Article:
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reversing immigrant tide
more iraqi kurdish return home, than leave

Hiwa Barznjy
The economic crisis in Europe, combined with improving economics and security in Iraqi Kurdistan, is seeing former refugees and other migrants come back home. But are these factors also stopping the region\'s…
4.07.2013  |  Erbil

Only eight years ago it was Hazar\'s dream to be able to immigrate to Europe. To him, the West was a secure and imaginable heaven. Using people smugglers, and travelling a dangerous route, the young Iraqi Kurdish man managed to make his way to France. Which is why it seems all the more strange that after eight years in “heaven”, Hazar is now returning to a place he once thought was hell.

Hazar is not alone. While the world was celebrating World Refugee Day on June 20 recently, the refugee situation for Iraqi Kurdish people was changing. In the past many Iraqi Kurdish dreamt, like Hazar did, of escaping their homeland. But now there seem to be just as many who dream of coming back.

During the 1990s, many Iraqi Kurdish left the region, often using illegal methods, to get to Europe where they could seek asylum or register as refugees. The Iraqi Kurdish people were persecuted by former Iraqi leader Saddam Hussein for years. Then during the mid-90s while Iraqi Kurdistan itself saw violent conflict between its own people, the numbers fleeing rose even further. It was only in 2003, after the US-led invasion of Iraq that saw Saddam Hussein removed from power, that Iraqi Kurdish seem to have started to think about returning home.

This decade, official information from the Iraqi Kurdish authorities suggests that now the number of those leaving Iraqi Kurdistan is less than the number returning. The pattern of counter-migration – and the return home to Iraqi Kurdistan – can be directly attributed to economic improvements in the semi-autonomous region, they say. Employment opportunities have grown in the region and this has led to a drop in numbers leaving.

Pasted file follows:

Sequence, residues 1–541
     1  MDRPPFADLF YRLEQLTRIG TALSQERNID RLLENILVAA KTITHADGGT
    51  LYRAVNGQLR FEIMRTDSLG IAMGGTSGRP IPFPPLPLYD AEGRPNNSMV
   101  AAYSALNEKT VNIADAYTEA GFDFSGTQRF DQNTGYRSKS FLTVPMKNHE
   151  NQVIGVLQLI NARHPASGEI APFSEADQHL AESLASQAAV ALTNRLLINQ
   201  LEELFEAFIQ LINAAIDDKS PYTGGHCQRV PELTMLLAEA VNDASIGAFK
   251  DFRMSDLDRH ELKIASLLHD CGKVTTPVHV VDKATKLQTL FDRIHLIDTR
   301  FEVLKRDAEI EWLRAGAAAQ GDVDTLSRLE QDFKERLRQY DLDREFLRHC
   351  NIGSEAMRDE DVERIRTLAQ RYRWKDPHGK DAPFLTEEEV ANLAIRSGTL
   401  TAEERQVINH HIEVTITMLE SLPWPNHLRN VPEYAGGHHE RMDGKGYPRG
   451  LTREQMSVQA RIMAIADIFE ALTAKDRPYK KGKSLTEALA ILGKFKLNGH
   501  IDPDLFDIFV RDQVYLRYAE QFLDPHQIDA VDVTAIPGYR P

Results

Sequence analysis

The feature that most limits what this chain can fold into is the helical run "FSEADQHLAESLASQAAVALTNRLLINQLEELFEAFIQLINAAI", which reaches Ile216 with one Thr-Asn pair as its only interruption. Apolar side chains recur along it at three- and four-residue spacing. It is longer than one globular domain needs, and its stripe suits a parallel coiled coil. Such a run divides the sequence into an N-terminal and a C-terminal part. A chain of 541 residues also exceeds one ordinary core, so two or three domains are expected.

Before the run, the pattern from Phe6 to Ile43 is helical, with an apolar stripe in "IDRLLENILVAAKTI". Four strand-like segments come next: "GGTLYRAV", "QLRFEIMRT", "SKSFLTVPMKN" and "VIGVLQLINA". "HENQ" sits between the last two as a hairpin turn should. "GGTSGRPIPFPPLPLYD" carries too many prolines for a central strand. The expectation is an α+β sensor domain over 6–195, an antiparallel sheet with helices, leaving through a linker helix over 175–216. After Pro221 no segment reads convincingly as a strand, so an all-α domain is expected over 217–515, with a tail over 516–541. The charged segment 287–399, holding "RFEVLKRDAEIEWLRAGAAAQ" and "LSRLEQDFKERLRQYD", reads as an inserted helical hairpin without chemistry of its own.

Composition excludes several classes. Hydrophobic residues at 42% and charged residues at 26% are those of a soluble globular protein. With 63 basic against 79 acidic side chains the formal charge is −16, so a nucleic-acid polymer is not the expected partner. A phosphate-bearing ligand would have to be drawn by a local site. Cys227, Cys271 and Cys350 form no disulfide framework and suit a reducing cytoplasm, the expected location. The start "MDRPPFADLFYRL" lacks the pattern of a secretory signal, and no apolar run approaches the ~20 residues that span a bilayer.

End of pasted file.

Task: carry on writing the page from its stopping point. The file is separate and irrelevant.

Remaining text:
“Around 23,000 Iraqi refugees’ names have been recorded since 2003,” says Shukur Yassin, who heads the Office of Migration and Displacement in the Ministry of Interior in Iraqi Kurdistan. “But most of those who have returned have been from Iraqi Kurdistan. This is partially because of the deteriorating economic situation in Europe. However here, the security situation has improved as has the economy and this has led to this counter-migration.

Although it was unclear exactly how many Iraqi Kurdish refugees were living outside Iraq, there was no doubt that more were returning home. In 2011, Yassin said the number of returnees amounted to 2,969 but in 2012, that almost doubled to reach 6,298. During the first three months of 2013, numbers were already up to 1,234.

Returnees need some time to settle back in and to find jobs, Yassin notes. But some are in a better position than before they left because of experience, professional and otherwise, gained while out of Iraq. Several European Union countries have also helped financially and otherwise when Iraqi Kurdish asylum seekers in their countries choose to return home voluntarily. The former refugees got between US$3,900 and US$6,500 when they returned home and they would also be given help in finding a job in Iraq.

Of course, not all the Iraqi Kurdish refugees returned willingly. About 7,000 were forced to return, says Amanj Abdallah, an official from the International Federation of Iraqi Refugees in Iraqi Kurdistan. “Between 2005 and 2013 they came from places like the UK, Sweden, Norway and the Netherlands.”

Going by his figures, Abdallah thought that about 30,000 Iraqi Kurdish had returned to the country over the past decade. He didn’t doubt this would continue. “Although the migration of Iraqi Kurdish youth has not stopped, the percentage that is leaving is dropping,” he said.

But the counter-migratory trend is not everything, warns journalist Goran Sabbah, who specializes in writing about migration. It also depends on who is coming back and who is still leaving. “The immigrants leaving Iraqi Kurdistan now are the elites and those who completed higher education,” Sabbah says. “They’re the people who speak several languages. And this brain drain is going to hurt the country eventually,” Sabbah warns. “The absence of social justice, growing corruption and the absence of the rule of law – all of these factors are causing Iraqi Kurdistan’s brain drain.”

Meanwhile Hazar is just happy to be back home. He says his dreams of a European heaven didn’t exactly come true. “And I’ve realized that changing where you live is not an easy thing to do,” he tells NIQASH. “We didn’t care about being cold or hungry because we thought that once we got to Europe, everything would be fine. But it’s not like that. And I have come back here because life here is better than life there.”